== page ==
Approximately 90 Nashville residents learned today that are candidates to sit in judgment of the man on trial for one of the most notorious murders in Nashville history: the 1975 killing of 9-year-old Marcia Trimble.
Those called for possible jury duty in the trial of Jerome Barrett represented a cross-section of the city's population, including both ends of the economic spectrum.
One pool member was excused because he is currently working three part-time cleaning jobs after being laid off from his steady job in February. Another member, also excused for work reasons, was Spencer Hays, the successful entrepreneur who founded Tom James Co. and serves as executive chairman of Southwestern Co.
Several in the pool were native Nashvillians who remembered the girl's disappearance on Feb. 25, 1975, the frantic search that ensued over the next 33 days and the discovery of her body on Easter Sunday, March 30. Others were younger natives or more recent arrivals who had little or no knowledge of the case.
Prosecutors, defense attorneys and Criminal Court Judge Steve Dozier quizzed all potential jurors about whether they could cope with being sequestered for the duration of the trial, what they had learned about the case from media reports and whether they felt able to put aside any prior impressions about the case as they deliberated.
"There's nothing wrong with being an informed citizen," Dozier told one candidate. "You just can't bring it into court with you."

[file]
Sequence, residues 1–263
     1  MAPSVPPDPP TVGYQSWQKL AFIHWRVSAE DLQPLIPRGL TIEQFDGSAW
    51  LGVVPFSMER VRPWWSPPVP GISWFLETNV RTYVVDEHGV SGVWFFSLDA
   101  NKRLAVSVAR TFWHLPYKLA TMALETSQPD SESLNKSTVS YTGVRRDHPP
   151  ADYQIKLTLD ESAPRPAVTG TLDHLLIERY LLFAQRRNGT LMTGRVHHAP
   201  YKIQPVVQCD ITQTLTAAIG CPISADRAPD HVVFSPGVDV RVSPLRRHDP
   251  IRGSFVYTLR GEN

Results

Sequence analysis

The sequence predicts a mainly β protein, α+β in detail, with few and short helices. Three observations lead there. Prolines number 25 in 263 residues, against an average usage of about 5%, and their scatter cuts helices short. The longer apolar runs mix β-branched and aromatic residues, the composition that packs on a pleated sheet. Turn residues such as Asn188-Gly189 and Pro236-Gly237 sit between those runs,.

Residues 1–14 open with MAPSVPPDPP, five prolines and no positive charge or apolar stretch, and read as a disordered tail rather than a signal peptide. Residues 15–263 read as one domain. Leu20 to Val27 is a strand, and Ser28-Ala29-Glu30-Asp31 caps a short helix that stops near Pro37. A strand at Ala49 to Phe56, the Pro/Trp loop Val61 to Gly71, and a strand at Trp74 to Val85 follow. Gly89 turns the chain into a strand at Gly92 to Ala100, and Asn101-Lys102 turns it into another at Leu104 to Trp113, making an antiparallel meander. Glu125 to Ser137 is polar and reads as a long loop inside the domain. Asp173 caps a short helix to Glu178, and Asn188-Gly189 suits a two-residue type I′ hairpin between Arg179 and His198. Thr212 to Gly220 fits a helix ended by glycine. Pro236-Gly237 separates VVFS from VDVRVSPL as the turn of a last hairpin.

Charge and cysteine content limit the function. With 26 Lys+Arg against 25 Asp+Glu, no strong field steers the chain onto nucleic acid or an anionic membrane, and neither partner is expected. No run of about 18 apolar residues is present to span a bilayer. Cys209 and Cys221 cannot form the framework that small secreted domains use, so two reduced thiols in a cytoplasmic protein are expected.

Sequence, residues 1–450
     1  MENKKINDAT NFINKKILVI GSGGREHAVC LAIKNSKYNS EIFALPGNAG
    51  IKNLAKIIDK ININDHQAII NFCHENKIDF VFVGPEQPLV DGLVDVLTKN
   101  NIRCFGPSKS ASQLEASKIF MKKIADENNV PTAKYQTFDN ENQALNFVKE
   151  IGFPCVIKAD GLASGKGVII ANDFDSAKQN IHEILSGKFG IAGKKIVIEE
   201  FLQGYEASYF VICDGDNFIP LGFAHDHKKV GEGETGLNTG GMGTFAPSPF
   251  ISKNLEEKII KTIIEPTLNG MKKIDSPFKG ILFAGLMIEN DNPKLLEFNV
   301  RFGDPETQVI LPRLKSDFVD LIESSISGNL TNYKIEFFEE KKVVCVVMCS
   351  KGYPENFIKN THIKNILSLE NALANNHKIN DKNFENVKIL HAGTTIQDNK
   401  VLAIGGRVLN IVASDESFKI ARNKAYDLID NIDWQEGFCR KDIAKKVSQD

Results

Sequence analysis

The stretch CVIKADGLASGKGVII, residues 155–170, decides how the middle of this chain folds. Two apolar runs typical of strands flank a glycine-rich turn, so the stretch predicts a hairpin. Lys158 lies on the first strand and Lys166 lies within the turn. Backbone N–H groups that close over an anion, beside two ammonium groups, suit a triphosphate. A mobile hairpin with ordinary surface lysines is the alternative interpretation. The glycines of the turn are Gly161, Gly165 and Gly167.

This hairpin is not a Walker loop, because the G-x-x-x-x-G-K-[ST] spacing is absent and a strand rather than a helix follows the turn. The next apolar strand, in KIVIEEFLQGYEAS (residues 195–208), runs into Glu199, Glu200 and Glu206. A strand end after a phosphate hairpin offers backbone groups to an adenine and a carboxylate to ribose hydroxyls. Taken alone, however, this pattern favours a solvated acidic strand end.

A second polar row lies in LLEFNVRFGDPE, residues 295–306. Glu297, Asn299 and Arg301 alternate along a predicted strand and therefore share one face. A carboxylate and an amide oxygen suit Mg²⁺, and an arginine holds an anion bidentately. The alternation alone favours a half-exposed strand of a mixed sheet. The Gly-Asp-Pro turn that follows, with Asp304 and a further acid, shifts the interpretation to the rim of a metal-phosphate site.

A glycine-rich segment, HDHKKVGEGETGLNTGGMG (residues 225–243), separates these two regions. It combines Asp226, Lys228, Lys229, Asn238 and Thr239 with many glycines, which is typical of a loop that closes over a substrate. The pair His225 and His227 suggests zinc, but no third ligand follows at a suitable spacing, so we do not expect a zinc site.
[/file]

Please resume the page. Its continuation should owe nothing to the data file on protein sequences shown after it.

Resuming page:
The would-be jurors were also asked whether they knew anyone named on a witness list that was furnished to them but has not yet been made public. One woman, who works in a dentist's office, recognized Middle Tennessee U.S. Attorney Ed Yarbrough as a patient.
Yarbrough, along with John Hollins Sr., represented 15-year-old Jeffrey Womack after he was arrested for the Trimble murder in 1979. Charges were later dropped against the teenager, although police continued to float his name as a prime suspect for decades afterward. Hollins told NashvillePost.com last week that neither he himself nor Womack had received subpoenas to testify.
Attempts to reach Yarbrough today have been unsuccessful.
The news that he may be called to the stand follows a brief exchange between Dozier and lead defense attorney Jim McNamara during a hearing last week. The judge asked:
"Do you plan on offering proof that Jeffrey Womack committed this murder?"
McNamara's reply: "Yes, the proof goes to that."
Jury selection is set to conclude today. The trial gets underway on Wednesday.